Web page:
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Thursday, March 21, 2013
Justice Department Reaches Settlement with Two Colorado Law Enforcement Agencies to Improve Communication with People Who Are Deaf or Hard of Hearing

The Justice Department announced today that it has reached a cooperative settlement agreement with the Arapahoe, Colo., County Sheriff’s Office under the Americans with Disabilities Act (ADA). This agreement is a companion to one reached on March 8, 2013, with the city of Englewood, Colo.

 

The Justice Department received complaints by individuals who are deaf, the Colorado Association of the Deaf and the Colorado Cross-Disability Coalition that officers for the city of Englewood and the Arapahoe Sheriff’s Office were not providing qualified sign language interpreters and other auxiliary aids and services when needed for effective communication with people who are deaf, including arrestees, victims and witnesses. The department’s complainants had also filed a lawsuit based on the same allegations in federal district court, Lawrence et al. v. City of Englewood, et al. While the department initiated investigations into the allegations against Englewood’s police department and the Arapahoe County Sheriff’s Office, and considered intervening in the private lawsuit, it also reached out to the parties to see if there were grounds for a cooperative resolution. All parties, including city of Englewood’s Police Chief John Collins and Arapahoe County Sheriff Grayson Robinson, expressed a commitment to ensure full compliance with the ADA.

 

The resulting settlement agreements include some model ways to ensure people who are deaf or hard of hearing are able to communicate effectively with law enforcement. For instance, officers for Englewood and Arapahoe County will use this pictogram to ask whether a deaf or hard of hearing person requests a sign language interpreter: www.justice.gov/opa/images/sign-lang-small.gif.

 

Once the person expresses a need for a sign language interpreter, Englewood and Arapahoe have agreed to provide one under most circumstances, often within an hour of the request.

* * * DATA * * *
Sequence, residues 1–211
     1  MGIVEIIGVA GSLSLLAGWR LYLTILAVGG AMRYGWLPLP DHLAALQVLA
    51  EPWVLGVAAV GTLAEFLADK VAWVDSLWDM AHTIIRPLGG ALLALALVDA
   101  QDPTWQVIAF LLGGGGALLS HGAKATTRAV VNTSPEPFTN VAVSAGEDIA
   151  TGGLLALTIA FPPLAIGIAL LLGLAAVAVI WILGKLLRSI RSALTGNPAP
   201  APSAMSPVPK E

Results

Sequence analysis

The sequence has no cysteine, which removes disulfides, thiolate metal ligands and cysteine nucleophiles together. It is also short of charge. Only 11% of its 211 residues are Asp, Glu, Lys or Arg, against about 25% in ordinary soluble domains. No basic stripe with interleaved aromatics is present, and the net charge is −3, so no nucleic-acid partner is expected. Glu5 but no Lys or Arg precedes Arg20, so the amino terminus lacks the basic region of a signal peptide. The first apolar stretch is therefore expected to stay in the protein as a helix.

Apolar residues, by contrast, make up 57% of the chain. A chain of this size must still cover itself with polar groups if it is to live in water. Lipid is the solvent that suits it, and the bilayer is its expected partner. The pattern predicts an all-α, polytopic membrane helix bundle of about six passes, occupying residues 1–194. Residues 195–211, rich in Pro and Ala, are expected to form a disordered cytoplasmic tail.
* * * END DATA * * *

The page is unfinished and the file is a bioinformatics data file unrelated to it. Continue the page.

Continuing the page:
“People who are deaf or hard of hearing need to be able to communicate clearly with police and sheriff officers, whether they are crime victims, witnesses, arrestees, detainees, or just members of the public,” said Eve Hill, Senior Counselor to the Assistant Attorney General for the Civil Rights Division. “Citizens of the City of Englewood and Arapahoe County should be proud of their leaders. I also have to express gratitude to the Colorado Cross-Disability Coalition and the Colorado Association of the Deaf for their important work – and creative problem-solving-- in this area.”

 

“Englewood Police Chief John Collins and Arapahoe County Sheriff J. Grayson Robinson deserve our thanks and appreciation for their effort to provide effective models for Colorado’s – and the nation’s – law enforcement communities to work with deaf and hard of hearing citizens,” said U.S. Attorney for the District of Colorado John Walsh.  “I strongly encourage law enforcement agencies throughout Colorado to follow their lead and adopt these tried-and-true measures.  Doing so is simple, cost-effective, and will enhance law enforcement agencies’ protection of public safety while complying with the Americans with Disabilities Act.”  

 

Under the settlements, the city of Englewood and Arapahoe County will each pay $35,000 to the private plaintiffs. In addition, they will enter into contracts with qualified sign language interpreters to ensure ready availability, train their staff on the ADA, appoint ADA coordinators, post signs indicating the availability of sign language interpreters and other auxiliary aids and services for people who are deaf or hard of hearing, provide text telephones and volume control telephones, modify their handcuffing policies for people who use sign language or hand writing to communicate, stock and provide hearing aid and cochlear implant processor batteries in the detention facility, and adopt policies consistent with the ADA. The private plaintiffs also signed these agreements, which resolved the Department of Justice’s investigations as well as the private lawsuit.

 

For more information on the ADA and law enforcement, visit www.ada.gov. Those interested in finding out more about these settlements or the obligations of law enforcement under the ADA may also call the Justice Department’s toll-free ADA information line at 800-514-0301 or 800-514-0383 (TDD), or access its ADA website at www.ada.gov . ADA complaints may be filed by email to ada.complaint@usdoj.gov .

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